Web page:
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Eur J Nutr. 2018 Feb 26. doi: 10.1007/s00394-018-1648-7. [Epub ahead of print]

The effect of resistant dextrin as a prebiotic on metabolic parameters and androgen level in women with polycystic ovarian syndrome: a randomized, triple-blind, controlled, clinical trial.

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Department of Midwifery, Faculty of Nursing and Midwifery, Tabriz University of Medical Sciences, Tabriz, Iran.
Department of Food Science and Technology, School of Nutrition, Tabriz University of Medical Sciences, Tabriz, Iran.
Endocrine Research Center, Imam Reza Medical, Research and Training Hospital, Tabriz University of Medical Sciences, Tabriz, Iran.
Midwifery Department, Social Determinants of Health Research Center, Tabriz University of Medical Sciences, Tabriz, Iran.



Polycystic ovary syndrome (PCOS) is one of the most common abnormalities in women of reproductive age that can lead to a variety of metabolic and reproductive disorders. Studies reveal that a healthy diet is the most effective way for treating the risk factors associated with metabolic disorders and place greater emphasis on the consumption of prebiotic foods. The present study aims to determine the effect of resistant Dextrin on metabolic parameters, including lipid profile, fasting blood glucose (FBS) and high sensitivity C-reactive protein (hsCRP), and androgen levels, including serum levels of dehydroepiandrosterone sulfate (DHEA-S) and free testosterone, as the primary outcomes, and manifestations of PCOS including menstrual cycle irregularity and hirsutism, as the secondary outcomes.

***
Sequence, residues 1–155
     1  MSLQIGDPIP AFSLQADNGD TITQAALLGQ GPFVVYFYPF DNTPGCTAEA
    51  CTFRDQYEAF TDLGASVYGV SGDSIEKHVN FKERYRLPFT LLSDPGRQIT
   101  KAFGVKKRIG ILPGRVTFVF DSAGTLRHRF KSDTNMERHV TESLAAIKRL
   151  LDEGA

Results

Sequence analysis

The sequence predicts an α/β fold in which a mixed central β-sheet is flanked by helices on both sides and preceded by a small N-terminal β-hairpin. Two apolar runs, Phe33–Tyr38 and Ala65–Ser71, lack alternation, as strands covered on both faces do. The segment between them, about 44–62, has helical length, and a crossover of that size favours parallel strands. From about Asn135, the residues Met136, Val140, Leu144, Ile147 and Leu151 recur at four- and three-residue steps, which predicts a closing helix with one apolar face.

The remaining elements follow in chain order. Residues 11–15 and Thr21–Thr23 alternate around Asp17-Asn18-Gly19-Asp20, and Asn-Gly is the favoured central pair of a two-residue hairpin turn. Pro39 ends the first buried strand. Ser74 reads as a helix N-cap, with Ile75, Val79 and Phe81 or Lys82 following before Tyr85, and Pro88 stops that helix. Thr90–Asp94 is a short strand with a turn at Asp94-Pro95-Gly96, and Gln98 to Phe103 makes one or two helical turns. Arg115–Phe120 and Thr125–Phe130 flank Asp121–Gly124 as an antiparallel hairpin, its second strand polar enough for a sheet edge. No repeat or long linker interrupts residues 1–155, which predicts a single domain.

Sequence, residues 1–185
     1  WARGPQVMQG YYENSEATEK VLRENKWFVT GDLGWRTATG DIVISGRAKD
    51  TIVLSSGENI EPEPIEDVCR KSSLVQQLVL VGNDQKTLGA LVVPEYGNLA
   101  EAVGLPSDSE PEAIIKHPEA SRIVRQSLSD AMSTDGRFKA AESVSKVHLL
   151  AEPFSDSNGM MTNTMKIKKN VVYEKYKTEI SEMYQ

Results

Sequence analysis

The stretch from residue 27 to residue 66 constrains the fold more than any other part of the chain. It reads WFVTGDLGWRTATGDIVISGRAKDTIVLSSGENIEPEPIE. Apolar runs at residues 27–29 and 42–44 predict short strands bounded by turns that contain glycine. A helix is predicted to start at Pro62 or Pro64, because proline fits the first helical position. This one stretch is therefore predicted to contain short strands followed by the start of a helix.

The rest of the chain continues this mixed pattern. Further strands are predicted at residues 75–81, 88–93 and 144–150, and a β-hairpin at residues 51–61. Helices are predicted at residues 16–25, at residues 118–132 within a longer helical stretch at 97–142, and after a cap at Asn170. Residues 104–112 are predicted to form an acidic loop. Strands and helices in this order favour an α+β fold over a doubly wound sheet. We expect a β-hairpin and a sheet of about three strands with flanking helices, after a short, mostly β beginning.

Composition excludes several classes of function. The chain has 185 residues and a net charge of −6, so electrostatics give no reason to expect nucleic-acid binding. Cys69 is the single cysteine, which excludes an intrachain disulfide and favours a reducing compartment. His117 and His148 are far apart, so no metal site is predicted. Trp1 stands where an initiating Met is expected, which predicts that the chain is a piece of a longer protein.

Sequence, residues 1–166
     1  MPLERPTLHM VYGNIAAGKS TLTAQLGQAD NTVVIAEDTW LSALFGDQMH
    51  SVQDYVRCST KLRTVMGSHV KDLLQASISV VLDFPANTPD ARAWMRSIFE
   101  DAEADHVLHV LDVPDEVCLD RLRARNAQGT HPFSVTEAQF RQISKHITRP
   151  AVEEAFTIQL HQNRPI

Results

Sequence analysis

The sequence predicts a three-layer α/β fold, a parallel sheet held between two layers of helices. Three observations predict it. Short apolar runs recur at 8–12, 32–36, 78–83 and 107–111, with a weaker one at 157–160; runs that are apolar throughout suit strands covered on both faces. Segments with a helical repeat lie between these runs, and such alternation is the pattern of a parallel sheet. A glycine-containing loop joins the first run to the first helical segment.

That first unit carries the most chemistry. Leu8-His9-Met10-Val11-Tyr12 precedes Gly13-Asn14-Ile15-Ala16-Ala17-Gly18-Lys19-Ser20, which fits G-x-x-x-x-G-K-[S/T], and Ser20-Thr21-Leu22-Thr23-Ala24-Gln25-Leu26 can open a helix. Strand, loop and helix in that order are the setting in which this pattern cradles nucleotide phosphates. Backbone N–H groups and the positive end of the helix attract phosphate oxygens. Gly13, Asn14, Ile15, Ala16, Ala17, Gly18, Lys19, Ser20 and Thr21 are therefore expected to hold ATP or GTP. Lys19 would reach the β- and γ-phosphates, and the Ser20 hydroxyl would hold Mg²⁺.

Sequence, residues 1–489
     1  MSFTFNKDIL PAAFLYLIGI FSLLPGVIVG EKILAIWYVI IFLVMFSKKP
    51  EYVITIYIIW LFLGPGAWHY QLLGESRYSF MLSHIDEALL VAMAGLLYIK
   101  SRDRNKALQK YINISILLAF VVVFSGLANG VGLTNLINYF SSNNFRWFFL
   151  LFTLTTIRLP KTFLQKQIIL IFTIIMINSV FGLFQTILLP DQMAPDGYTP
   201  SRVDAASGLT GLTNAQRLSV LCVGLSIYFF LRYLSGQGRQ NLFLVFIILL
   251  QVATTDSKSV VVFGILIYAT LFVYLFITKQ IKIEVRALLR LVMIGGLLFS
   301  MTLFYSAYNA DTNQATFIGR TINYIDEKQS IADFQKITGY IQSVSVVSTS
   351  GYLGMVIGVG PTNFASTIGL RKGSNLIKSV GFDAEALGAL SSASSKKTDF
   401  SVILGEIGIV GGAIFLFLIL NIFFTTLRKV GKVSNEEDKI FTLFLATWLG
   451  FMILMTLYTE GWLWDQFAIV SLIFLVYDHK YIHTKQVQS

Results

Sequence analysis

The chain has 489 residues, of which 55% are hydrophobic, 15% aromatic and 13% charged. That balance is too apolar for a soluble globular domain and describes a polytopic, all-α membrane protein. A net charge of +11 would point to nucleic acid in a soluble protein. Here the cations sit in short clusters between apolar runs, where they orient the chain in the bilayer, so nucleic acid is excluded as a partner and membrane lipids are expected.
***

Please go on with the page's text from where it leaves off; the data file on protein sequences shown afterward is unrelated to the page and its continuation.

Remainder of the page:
This randomized, controlled, triple-blind, clinical trial was conducted on 62 women aged 18-45 in Tabriz, Iran, in 2016-2017. The participants were divided into a prebiotic group and a placebo group using block randomization. The prebiotic group consumed 20 g of resistant dextrin dissolved in a glass of water and the placebo group 20 g of maltodextrin also dissolved in a glass of water on a daily basis for 3 months. To measure the serum lipid profile, FBS, hsCRP, DHEA-S and free testosterone before and 3 months after the intervention, 5-ml blood samples were collected from the participants and analyzed using the ELISA method. The Ferriman-Gallwey scale for assessing hirsutism and a checklist for assessing menstrual cycle characteristics were completed before and 3 months after the intervention. A general linear model was used to analyze the data.


No statistically significant differences were observed between the two groups in terms of sociodemographic characteristics and baseline values. 3 months after the intervention, based on the ANCOVA and after adjusting for the baseline values, the mean serum levels of LDL-C (adjusted mean difference = - 29.79; 95% CI = - 43.37 to - 16.21; P < 0.001), triglyceride (AMD = - 38.50; 95% CI = - 59.73 to - 17.28; P = 0.001), total cholesterol (AMD = - 29.98; 95% CI = - 40.14 to - 19.82; P < 0.001), FBS (AMD = - 11.24; 95% CI = - 15.43 to - 7.06; P < 0.001), hsCRP (AMD = - 1.75; 95% CI = - 2.92 to - 0.57; P = 0.004), DHEA-S (AMD = - 0.7; 95% CI = - 1.34 to - 0.13; P = 0.017) and free testosterone (AMD = - 0.32; 95% CI = - 0.56 to - 0.08; P = 0.010) revealed a statistically significant decrease in the intervention group compared to the placebo group, while the mean serum HDL-C showed a statistically significant increase in this group compared to the placebo group (AMD = 5.82; 95% CI = 2.27-9.37; P = 0.002). 3 months after the intervention, there was a significant difference between the two groups in terms of menstrual cycle intervals and hirsutism (P < 0.001).


Resistant dextrin consumption can regulate metabolic parameters and androgen levels and manifestations including hirsutism and menstrual cycle irregularity in women with PCOS.


Dehydroepiandrosterone sulfate; Fasting blood glucose; Free testosterone; High sensitivity C-reactive protein; Lipid profile; PCOS; Prebiotic


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